Do Affordable English Schools in Hong Kong Exist?
Despite free education for all legally resident children, English only speaking families - and a rapidly growing number of local families - prefer a private education, delivered almost entirely in English. While some parents will be prepared to make extreme sacrifices to be able to afford the high fees, others simply don’t have that luxury. An affordable English language education: does such a thing actually exist? Let’s find out.
English Schools Foundation
For years, the English Schools Foundation provided a high-quality, affordable education. Although, the government withdrew their annual subsidy of HK$283 million in 2016, the annual tuition fees remain very affordable when compared to international schools. ESF fees for 2016/17 are at HK $106,500 for Year 1 (5 years old), as compared to international schools such as Hong Kong Academy at $179,700, Kellett School at HK$157,300 and the soon-to-be-opened Shrewsbury School at $169,000, not to mention additional annual levies and mandatory debentures.
In the days when parents and other lobbyists were advocating for the continuance of the subvention, the argument often put forward was that ESF was the only affordable option for English speaking families. This was never the case.
These are the schools that offer a non local curriculum exclusively. A modest budget of HK $120,000 or thereabouts does greatly limit options. However, several high quality options do remain.
The newly opened HKCA Po Leung Kuk School in Tin Hau set their fees at just HK$89,900/year. This fits a school established by charitable organization that provides educational services at over 120 schools in Hong Kong. One of the driving goals when setting up HKCA Po Leung Kuk School was to establish a school offering an international education in a not-for-profit manner. This sits in stark contrast to a number of the larger schools run by private equity backed corporations netting hundreds of millions, even billions, dollars of profit.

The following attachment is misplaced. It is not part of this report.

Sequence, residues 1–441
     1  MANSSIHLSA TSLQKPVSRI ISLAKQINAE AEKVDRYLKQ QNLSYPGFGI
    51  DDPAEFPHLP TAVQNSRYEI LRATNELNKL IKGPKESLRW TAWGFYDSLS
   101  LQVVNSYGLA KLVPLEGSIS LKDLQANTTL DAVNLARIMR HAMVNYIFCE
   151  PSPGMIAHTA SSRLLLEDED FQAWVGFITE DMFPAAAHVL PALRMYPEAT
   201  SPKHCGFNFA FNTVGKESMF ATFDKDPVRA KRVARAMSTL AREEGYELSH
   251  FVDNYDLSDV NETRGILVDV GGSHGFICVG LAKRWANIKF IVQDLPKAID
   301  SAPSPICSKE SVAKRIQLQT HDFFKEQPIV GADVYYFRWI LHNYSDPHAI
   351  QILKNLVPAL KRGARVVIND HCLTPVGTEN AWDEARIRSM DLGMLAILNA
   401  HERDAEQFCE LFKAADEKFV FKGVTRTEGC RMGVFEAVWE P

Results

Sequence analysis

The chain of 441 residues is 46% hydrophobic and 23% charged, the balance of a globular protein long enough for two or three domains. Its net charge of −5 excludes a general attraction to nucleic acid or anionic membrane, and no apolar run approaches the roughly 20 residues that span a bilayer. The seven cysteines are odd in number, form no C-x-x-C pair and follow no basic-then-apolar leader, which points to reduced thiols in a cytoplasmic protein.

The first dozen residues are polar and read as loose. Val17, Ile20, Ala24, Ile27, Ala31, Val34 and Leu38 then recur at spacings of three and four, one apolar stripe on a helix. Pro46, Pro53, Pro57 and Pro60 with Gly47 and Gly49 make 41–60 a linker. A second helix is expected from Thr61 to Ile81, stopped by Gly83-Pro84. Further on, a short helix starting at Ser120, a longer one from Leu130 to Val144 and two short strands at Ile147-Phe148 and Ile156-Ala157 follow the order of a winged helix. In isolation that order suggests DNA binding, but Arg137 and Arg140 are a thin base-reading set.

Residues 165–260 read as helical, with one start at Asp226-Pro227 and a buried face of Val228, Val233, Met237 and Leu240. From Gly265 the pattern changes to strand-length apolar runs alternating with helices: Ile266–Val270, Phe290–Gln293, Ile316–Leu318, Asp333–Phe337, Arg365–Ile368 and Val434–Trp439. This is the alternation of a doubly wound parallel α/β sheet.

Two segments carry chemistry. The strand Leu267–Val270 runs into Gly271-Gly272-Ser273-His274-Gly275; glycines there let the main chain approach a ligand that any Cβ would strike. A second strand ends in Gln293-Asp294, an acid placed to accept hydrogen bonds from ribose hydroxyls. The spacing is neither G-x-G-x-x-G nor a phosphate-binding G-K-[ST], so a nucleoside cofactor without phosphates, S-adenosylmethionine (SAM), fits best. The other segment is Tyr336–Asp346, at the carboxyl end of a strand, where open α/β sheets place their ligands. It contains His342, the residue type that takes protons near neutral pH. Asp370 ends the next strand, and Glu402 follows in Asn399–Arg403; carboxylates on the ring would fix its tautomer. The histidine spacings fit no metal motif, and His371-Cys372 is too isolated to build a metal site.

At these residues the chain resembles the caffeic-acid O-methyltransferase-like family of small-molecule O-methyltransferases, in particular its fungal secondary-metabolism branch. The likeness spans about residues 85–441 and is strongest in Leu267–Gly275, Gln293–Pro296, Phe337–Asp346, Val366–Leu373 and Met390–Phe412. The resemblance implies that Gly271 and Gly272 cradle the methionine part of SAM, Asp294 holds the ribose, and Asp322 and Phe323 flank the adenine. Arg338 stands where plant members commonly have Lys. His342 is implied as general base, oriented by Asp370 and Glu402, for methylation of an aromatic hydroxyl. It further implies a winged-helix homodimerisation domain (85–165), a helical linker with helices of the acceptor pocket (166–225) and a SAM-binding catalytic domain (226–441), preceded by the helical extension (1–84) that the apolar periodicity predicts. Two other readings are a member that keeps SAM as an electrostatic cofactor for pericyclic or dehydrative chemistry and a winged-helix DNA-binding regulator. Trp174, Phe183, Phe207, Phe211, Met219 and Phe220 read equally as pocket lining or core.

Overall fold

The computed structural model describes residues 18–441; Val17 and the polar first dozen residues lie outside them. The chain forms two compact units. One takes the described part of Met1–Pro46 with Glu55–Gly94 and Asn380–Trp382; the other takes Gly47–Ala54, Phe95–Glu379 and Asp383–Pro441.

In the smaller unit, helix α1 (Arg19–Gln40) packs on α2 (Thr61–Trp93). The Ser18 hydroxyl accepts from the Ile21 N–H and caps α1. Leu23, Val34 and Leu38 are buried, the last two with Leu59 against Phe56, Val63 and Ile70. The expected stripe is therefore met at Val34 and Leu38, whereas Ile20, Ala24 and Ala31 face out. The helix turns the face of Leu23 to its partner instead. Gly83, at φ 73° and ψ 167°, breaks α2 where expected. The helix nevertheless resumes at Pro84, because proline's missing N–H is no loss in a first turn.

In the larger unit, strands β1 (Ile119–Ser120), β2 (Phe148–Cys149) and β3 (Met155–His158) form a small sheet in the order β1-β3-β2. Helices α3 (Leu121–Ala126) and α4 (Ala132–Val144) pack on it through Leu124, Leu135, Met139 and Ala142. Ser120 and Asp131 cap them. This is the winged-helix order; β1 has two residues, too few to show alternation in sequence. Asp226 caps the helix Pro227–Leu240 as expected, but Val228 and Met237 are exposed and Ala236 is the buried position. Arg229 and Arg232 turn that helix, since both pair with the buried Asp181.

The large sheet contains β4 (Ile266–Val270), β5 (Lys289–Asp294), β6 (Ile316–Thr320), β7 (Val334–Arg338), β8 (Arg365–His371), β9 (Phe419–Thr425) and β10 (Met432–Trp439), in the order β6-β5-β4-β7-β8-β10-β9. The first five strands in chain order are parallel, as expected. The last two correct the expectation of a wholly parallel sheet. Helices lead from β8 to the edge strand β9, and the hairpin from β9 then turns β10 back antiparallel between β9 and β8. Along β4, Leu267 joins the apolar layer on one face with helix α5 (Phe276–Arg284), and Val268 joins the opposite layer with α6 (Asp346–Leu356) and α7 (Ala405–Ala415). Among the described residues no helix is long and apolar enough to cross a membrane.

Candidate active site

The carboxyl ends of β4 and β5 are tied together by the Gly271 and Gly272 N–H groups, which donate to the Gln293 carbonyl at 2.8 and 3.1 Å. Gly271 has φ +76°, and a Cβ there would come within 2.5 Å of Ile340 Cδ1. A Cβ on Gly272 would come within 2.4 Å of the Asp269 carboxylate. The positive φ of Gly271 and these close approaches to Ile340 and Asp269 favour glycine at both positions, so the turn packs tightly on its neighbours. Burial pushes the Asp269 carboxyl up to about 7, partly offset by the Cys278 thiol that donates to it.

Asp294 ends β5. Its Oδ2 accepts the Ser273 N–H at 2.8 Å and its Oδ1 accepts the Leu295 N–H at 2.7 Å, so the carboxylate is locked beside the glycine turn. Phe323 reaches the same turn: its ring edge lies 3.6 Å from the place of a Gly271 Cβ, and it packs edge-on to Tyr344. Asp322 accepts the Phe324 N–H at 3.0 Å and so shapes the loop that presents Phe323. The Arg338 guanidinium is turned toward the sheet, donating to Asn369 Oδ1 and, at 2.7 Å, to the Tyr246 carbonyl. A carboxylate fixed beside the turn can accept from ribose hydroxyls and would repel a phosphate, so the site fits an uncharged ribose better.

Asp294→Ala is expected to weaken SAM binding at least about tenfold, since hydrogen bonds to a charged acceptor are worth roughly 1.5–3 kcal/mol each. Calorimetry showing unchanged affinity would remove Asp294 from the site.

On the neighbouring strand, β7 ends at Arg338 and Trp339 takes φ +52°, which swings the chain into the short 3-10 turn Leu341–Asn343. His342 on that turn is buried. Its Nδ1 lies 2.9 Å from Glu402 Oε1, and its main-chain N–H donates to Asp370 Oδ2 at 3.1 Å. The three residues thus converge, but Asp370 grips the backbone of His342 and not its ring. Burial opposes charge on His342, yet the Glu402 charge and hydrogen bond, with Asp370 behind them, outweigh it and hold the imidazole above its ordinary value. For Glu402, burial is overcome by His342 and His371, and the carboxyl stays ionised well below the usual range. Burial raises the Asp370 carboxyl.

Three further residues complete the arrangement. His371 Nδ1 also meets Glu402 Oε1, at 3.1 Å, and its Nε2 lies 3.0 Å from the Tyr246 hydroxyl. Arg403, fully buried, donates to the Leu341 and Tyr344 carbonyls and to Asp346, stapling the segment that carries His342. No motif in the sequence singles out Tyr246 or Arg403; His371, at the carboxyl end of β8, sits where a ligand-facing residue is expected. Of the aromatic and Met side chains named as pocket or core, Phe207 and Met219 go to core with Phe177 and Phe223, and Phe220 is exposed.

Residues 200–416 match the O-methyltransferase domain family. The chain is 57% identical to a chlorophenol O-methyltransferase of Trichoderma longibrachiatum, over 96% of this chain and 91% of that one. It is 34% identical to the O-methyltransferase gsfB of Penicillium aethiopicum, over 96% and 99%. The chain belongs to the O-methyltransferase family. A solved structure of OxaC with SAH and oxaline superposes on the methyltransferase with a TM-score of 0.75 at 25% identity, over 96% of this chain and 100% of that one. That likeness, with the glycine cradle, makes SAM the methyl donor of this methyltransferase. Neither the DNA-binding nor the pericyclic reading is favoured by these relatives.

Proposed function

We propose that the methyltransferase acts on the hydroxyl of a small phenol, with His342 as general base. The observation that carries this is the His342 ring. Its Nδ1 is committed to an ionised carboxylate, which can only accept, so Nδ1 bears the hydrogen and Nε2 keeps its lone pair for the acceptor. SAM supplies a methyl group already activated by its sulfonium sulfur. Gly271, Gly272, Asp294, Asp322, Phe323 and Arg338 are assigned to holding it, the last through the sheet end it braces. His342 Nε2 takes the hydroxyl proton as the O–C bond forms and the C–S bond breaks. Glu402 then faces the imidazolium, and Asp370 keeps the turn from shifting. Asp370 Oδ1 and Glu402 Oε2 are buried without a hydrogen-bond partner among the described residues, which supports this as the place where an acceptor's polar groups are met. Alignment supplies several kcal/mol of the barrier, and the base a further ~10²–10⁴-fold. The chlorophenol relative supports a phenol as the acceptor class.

Granted, these schools may lack fancy facilities but schools are much more than bricks and mortar.
It isn’t well known that all private schools are obligated to set aside 10-15% of revenue for bursaries, scholarships and fee remissions. Historically, these funds have been reserved for enrolled students. For example, parents find that their financial situation has changed due to a loss of a job and can claim up to 100% fee remission. Increasingly, though, schools are more overtly promoting these schemes in order to attract talented and diversified students.
Direct Subsidy Scheme (DSS)/Local private
The idea of an English medium local, semi-private school that offers an international program is highly coveted. Sadly, it is little more than an idea. By definition, a local school uses the local language – Cantonese – and the local curriculum. A few DSS schools – those that receive a partial subsidy from the government and charge tuition fees on top – do use more English than others, sometimes around 50-60%, but this is at secondary level, not primary – and some do supplement the local curriculum with IGCSE or IBDP or other.
Diocesan Girls’ School (Secondary) describes itself as a “local grammar school with an international outlook” where “English is the medium of instruction (MOI) at all form levels except for Chinese Language, Chinese History, Chinese Literature and Putonghua.” This means Cantonese is used for all these subjects listed, except Putonghua, and Cantonese is surely the dominant social language. Also, interviews are conducted in English and Chinese.
In addition, these schools are highly selective and highly competitive.
The fees are surely a draw. For example, Creative Secondary School offers the IBDP for $116,120 and Diocesan Boys’ School for $93,700 with no capital levies or debentures. Both of these schools offer the local Diploma of Secondary Education for about half of this amount.
It’s fairly clear that our government will not and should not subsidise too many schools that shun the local language. If an English language education is the goal, parents should expect to pay the private fees. If not, the local schools still do and always will provide free education.
The founder of Top Schools, Ruth Benny, has over 20 years’ experience in the education system in Hong Kong. She has the advantage of many years in different areas of education – as a teacher, a teacher-trainer, a parent and now advisor for both the local and international sectors.
Ruth writes and speaks about private and international schools for parents, corporations and other groups. She is a frequent contributor to local media and generally regarded as the go-to expert on this topic.
Originally from the UK, Ruth has been in Hong Kong for over 22 years and is the mother of two children.